Good Friday is the yearly remembrance of Jesus’ Christ’s betrayal, trial, suffering, crucifixion, death, and burial. Christians across all times, cultures, and geographies have communally and reverentially worshiped Jesus as the author of salvation in his sacrificial act. Over the last 100 years, Good Friday has fallen on April 15th only four times. And, this is the first year in my lifetime that Good Friday is being observed on April 15th.
Why is this important you might ask?
You might be asking yourself, “is this essay going to be about how Good Friday relates to taxes and Tax Day?” Well, the answer is no, but also kind of yes.
You probably know the phrase, “Nothing is certain but death & taxes.” It originated with the English Writer Daniel Defoe, and was popularized by Benjamin Franklin when he wrote in a letter to a friend, “Our new Constitution is now established, and has an appearance that promises permanency; but in this world nothing can be said to be certain, except death and taxes.” Encapsulated in this quote is the thought that humanity cannot run away from certain things, certain permanent experiences that continue from generation to generation.
Governments have existed for thousands of years and have taxed their people, from Babylon to Egypt, from Rome to the United States. Death equally and more powerfully has always existed. Death is the great equalizer. Whether you are rich or poor, young or old, sick or healthy, powerful or ordinary, you will die. No human, who has ever lived, has not tasted death. But, in a loose sense, death is also a kind of tax.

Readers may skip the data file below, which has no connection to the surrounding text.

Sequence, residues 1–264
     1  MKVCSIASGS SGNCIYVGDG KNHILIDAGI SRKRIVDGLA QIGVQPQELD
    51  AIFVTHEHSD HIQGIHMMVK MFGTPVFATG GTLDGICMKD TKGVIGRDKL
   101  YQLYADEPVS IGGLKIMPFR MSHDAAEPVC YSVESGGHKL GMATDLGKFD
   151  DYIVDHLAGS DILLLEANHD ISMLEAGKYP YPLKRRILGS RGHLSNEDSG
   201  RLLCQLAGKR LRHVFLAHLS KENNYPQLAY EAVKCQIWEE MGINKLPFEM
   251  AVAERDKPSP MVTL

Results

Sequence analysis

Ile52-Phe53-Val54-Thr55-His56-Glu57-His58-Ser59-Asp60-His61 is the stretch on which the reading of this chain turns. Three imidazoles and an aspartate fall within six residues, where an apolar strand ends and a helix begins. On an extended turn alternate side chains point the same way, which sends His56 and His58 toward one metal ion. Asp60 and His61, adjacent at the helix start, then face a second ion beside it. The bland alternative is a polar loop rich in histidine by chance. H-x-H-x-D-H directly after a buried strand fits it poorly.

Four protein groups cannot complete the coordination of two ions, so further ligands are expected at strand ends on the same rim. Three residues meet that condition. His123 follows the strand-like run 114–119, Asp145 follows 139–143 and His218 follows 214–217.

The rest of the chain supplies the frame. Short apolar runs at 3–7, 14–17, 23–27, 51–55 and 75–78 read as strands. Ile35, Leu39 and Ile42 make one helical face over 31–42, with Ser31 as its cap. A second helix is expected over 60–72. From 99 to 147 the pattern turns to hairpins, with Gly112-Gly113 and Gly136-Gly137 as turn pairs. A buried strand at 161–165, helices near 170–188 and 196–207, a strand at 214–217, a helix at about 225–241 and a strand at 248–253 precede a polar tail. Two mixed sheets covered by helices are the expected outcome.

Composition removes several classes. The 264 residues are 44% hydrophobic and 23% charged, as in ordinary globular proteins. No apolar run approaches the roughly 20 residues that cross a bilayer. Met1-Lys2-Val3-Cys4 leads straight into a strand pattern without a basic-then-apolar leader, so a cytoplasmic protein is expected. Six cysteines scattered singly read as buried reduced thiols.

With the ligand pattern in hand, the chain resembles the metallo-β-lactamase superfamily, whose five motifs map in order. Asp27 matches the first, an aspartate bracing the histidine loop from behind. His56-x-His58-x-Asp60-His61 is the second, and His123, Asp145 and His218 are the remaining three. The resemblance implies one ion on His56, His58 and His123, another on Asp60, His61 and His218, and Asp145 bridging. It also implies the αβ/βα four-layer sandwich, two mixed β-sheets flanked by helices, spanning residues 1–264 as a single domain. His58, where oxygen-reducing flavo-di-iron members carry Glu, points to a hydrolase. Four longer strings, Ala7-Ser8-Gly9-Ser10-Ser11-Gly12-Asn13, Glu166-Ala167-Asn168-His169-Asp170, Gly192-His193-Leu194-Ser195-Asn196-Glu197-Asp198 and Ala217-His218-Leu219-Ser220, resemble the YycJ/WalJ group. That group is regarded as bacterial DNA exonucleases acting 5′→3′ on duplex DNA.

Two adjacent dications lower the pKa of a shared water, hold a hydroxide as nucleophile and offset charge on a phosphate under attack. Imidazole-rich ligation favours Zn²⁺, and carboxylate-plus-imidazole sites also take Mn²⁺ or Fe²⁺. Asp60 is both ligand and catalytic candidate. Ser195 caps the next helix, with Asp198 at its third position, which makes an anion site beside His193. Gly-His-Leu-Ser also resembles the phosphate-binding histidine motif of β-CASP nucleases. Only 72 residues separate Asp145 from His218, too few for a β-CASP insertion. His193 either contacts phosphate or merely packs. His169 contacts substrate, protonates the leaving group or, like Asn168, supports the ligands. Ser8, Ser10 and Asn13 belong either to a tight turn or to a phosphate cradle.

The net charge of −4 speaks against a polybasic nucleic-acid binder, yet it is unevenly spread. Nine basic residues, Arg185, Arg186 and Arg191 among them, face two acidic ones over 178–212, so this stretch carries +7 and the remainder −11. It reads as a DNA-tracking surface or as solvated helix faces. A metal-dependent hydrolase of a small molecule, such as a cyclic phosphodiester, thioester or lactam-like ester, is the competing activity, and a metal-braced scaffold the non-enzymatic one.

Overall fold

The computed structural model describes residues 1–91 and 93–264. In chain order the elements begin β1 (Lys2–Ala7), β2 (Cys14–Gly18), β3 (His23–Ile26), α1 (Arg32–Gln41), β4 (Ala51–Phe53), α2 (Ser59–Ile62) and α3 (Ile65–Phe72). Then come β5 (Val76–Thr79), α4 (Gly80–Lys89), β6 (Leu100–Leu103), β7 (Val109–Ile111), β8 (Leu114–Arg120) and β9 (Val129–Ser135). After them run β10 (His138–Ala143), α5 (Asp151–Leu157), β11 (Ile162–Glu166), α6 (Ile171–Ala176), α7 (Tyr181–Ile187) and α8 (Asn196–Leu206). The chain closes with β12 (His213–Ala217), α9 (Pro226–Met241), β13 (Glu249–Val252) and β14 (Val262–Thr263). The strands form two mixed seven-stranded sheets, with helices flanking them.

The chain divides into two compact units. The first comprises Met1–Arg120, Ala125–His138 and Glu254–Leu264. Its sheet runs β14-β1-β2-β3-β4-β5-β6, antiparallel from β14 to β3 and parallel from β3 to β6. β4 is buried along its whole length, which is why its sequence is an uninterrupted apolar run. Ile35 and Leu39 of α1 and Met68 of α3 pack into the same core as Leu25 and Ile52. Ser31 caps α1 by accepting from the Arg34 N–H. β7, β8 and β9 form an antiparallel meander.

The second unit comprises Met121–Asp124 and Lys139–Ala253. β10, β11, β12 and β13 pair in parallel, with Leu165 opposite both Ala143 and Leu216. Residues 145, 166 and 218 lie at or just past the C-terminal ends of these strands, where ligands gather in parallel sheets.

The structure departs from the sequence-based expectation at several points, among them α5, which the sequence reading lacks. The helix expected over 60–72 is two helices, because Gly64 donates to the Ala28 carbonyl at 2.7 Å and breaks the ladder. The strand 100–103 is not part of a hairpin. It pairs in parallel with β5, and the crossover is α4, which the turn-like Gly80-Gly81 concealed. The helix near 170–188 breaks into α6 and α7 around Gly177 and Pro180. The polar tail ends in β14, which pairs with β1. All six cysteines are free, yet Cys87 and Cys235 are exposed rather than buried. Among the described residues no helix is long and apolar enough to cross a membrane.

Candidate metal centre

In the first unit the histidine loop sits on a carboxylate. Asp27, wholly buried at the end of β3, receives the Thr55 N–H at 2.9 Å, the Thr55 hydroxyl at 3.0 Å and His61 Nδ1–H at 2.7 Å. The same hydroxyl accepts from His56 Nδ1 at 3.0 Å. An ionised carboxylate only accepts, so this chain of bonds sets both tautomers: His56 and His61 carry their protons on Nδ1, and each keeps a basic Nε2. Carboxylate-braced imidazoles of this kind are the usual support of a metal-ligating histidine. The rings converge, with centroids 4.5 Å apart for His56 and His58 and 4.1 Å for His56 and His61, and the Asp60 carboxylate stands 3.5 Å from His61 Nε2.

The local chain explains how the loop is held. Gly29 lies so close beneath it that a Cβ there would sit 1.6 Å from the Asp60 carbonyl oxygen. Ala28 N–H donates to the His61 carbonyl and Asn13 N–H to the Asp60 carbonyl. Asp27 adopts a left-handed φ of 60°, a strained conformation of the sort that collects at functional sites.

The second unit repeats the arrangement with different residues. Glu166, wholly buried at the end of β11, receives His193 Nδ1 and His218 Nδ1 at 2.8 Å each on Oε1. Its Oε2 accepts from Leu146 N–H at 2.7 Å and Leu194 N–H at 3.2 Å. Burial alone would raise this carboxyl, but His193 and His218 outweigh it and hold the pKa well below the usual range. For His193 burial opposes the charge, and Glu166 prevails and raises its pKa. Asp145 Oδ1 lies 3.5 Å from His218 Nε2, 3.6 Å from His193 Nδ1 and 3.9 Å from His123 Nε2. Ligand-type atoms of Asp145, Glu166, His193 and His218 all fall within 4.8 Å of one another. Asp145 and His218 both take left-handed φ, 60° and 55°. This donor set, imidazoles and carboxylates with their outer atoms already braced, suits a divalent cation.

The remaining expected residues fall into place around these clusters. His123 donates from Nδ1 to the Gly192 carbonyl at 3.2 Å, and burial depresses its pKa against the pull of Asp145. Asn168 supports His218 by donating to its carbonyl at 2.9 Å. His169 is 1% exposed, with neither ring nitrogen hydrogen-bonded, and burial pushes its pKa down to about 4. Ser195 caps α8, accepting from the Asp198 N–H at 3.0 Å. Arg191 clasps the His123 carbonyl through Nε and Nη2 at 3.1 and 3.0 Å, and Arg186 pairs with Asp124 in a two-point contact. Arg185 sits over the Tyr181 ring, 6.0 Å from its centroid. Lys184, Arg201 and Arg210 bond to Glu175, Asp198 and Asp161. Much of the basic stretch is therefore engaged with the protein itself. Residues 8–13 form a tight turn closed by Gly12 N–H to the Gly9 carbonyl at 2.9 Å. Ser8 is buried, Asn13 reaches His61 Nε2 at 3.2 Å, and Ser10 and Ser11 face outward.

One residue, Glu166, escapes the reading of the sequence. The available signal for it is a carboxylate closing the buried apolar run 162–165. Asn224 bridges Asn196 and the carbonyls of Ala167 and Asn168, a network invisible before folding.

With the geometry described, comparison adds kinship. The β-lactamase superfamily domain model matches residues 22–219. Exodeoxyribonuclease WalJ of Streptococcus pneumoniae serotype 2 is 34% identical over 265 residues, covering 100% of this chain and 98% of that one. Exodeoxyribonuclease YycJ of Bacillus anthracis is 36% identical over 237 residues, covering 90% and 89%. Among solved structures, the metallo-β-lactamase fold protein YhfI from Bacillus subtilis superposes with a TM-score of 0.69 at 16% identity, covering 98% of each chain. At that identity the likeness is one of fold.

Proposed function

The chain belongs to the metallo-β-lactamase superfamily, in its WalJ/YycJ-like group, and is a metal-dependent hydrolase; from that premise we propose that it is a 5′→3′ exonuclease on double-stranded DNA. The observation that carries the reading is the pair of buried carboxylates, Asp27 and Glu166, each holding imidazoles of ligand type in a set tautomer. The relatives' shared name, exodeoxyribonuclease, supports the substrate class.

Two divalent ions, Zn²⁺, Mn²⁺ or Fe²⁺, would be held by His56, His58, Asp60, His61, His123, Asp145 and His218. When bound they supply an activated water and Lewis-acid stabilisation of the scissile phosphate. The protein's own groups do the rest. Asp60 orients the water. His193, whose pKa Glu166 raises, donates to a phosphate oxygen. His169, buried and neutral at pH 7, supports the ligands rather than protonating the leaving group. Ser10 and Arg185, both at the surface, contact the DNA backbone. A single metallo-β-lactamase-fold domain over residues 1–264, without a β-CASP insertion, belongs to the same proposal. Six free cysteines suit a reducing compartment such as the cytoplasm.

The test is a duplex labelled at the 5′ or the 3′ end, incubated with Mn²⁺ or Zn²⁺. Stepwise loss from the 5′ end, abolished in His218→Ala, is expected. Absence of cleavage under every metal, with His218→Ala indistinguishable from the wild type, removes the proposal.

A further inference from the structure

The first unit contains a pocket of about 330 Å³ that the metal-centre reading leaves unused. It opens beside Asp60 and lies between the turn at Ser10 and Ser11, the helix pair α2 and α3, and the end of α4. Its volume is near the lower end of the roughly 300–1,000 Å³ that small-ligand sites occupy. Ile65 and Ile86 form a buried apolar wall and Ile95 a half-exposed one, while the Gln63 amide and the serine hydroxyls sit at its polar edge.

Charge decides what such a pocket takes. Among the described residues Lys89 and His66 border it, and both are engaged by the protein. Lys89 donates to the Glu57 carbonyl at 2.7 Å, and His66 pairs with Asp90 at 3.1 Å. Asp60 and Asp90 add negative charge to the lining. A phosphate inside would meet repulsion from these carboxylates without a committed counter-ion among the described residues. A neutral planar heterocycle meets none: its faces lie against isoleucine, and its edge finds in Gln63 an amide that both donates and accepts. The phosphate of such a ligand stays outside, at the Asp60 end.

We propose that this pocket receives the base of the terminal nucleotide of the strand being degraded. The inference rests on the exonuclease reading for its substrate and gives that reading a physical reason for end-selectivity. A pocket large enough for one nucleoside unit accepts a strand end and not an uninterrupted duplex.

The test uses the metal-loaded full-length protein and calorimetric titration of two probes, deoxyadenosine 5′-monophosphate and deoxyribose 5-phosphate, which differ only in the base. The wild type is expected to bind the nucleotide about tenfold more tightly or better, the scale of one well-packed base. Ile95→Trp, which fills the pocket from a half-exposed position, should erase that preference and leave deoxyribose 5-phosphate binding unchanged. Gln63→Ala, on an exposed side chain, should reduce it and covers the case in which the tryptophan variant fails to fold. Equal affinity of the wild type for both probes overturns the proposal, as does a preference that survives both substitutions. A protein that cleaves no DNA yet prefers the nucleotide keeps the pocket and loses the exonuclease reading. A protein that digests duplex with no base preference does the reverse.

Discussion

Let me explain this a little bit more.
Our word “tax” comes from the Latin word “taxare,” which originally meant to formally disapprove of someone. That is obviously not how we use the word today. But, the word “taxare” also had connections to touching, grabbing, inspecting, which is how the French eventually changed the meaning of the root word “tax” and how we got our english version. They saw that “taxing” was the government “grabbing” or “seizing” an assessed price from the people. So, a tax is the governmental authorities in power “gripping” “grabbing” or “seizing” the goods they assess as necessary compensation.
So, how is death a tax? How does death relate to humans having goods seized by an authority?
Well, in the Christian worldview, humans were created as God’s image bearers. We have a unique dignity, value, and worth because God bestowed his image upon us at our creation [Genesis 1:27]. That is why humans are noticeably different from animals, plants, and the rest of creation [Psalm 8]. We have minds, rationality, creativity, morality, and more that all points to a unique and exalted spiritual reality and existence. The same way coins and currency have images of their country’s leaders stamped on them, humans have God’s image stamped on us.
So, in the Christian story, when humanity sinned against our good God; there were consequences. God’s good creation, all of it, was cursed [Genesis 3]. We see this everyday. Work is hard. People are mean. Wars are fought. People die. There is sin, evil, and death everywhere, and it can be experienced in a small lie or an international war, in gossip or in murder. So, God put a “tax” on mankind. Death. God, as the supreme authority, put a price on our disobedience and evil. Humans all die. God reclaims his image back unto himself. And, like I said earlier, no amount of money or power can change this reality.
The Psalmist even exclaims this truth in Psalm 49 when he writes:
Why should I fear in times of trouble, when the iniquity of those who cheat me surrounds me, those who trust in their wealth and boast of the abundance of their riches? Truly no man can ransom another, or give to God the price of his life, for the ransom of their life is costly and can never suffice, that he should live on forever and never see the pit. [vs 5-9]